Read the most frequently asked questions about unoccupied property insurance policies; see the answers, compare quotes and find the best deal to suit you.
What is the definition of unoccupied property insurance?
If a property is vacant for over 30 days, you can apply for temporary cover which is called unoccupied property insurance. Sometimes it is referred to as temporary property insurance. For more information read our beginners’ guide to unoccupied property insurance.
What is the duration of cover?
The availability of cover is usually for a period of three, six, nine or twelve months. You can apply for an extension to this, if you wish.
If my property is unoccupied, what cover will I get from my current home insurance?
You will not be covered by your home insurance policy if your property has been left unoccupied for over 30 days. Both buildings and contents temporary cover need to be taken out if you are going away for longer than this length of time.
When you take out a policy for unoccupied property insurance, it will afford protection against theft, fire, flood or damage, should any of these occur, whilst your property is empty.
In what circumstances do I need to take out a policy for short-term property insurance?
There are several reasons for ensuring cover for short-term. Typically these will include:
Whilst awaiting completion of renovations
If the property is up for sale
After sale and before occupation by new owners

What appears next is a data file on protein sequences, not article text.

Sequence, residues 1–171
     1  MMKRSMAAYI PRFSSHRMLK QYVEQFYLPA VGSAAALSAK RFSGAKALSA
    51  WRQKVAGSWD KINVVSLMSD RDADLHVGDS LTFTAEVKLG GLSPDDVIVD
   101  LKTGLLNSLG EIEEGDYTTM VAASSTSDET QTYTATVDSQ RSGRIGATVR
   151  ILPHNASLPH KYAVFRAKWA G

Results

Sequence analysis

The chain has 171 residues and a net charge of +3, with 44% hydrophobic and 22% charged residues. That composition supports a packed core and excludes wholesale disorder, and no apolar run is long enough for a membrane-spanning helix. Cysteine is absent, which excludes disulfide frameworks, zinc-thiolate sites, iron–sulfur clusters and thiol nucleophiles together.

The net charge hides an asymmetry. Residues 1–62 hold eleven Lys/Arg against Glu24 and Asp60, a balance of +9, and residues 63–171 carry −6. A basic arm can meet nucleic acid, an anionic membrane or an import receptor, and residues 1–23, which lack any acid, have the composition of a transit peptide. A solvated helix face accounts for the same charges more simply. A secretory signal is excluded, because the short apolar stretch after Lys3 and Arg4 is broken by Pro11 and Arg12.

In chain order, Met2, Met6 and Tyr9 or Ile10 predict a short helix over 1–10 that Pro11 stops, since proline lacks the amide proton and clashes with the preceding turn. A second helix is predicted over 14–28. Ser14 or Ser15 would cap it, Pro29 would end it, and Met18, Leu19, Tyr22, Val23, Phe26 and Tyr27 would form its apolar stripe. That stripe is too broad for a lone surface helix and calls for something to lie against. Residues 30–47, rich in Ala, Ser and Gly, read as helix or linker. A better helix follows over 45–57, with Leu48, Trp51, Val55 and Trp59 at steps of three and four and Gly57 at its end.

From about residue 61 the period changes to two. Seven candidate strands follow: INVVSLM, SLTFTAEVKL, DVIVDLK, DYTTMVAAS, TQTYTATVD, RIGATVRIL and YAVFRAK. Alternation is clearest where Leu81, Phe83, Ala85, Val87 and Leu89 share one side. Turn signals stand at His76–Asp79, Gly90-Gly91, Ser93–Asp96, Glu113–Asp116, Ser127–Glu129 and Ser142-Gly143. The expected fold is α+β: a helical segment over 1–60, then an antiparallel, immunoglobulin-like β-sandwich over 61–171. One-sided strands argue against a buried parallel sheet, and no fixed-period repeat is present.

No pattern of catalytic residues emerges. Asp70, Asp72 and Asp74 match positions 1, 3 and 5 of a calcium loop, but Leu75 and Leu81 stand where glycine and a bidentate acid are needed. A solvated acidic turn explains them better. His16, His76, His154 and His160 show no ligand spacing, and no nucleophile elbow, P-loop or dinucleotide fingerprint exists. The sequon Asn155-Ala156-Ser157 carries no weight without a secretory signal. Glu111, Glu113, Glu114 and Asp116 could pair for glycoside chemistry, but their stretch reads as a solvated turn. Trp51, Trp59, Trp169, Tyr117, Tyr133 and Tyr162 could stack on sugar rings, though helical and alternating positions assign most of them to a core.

Before finalisation of probate
In cases where the occupier has been taken into care, undergoing a lengthy hospital stay or is residing in a second home.
How are the calculations for premiums worked out for temporary cover?
Your premium will be based on the level of cover you need to be protected. Some factors that will be taken into consideration are:
Why the property is unoccupied?
Are renovations in progress?
What sort of security measures are in place?
Is the property up for sale, letting or reoccupation?
What is the time period for the property being vacant?
Are there any applicable exclusions?
It is wise to read through the full Terms and Conditions on your policy and make sure you understand them before taking out cover. However some instances of exclusion include the following:
If structural work is being carried out, whilst the property is empty, the policy will not cover loss, damage or any defects arising from this.
Any damage caused by tradesmen or contractors on site should be rectified by their own liability insurance cover and will not be covered by your unoccupied property cover. You should check this out.
If damage, theft or loss should occur as a result of your own carelessness such as leaving windows or doors open, and there has been no apparent force of entry, you will be exempt from cover.
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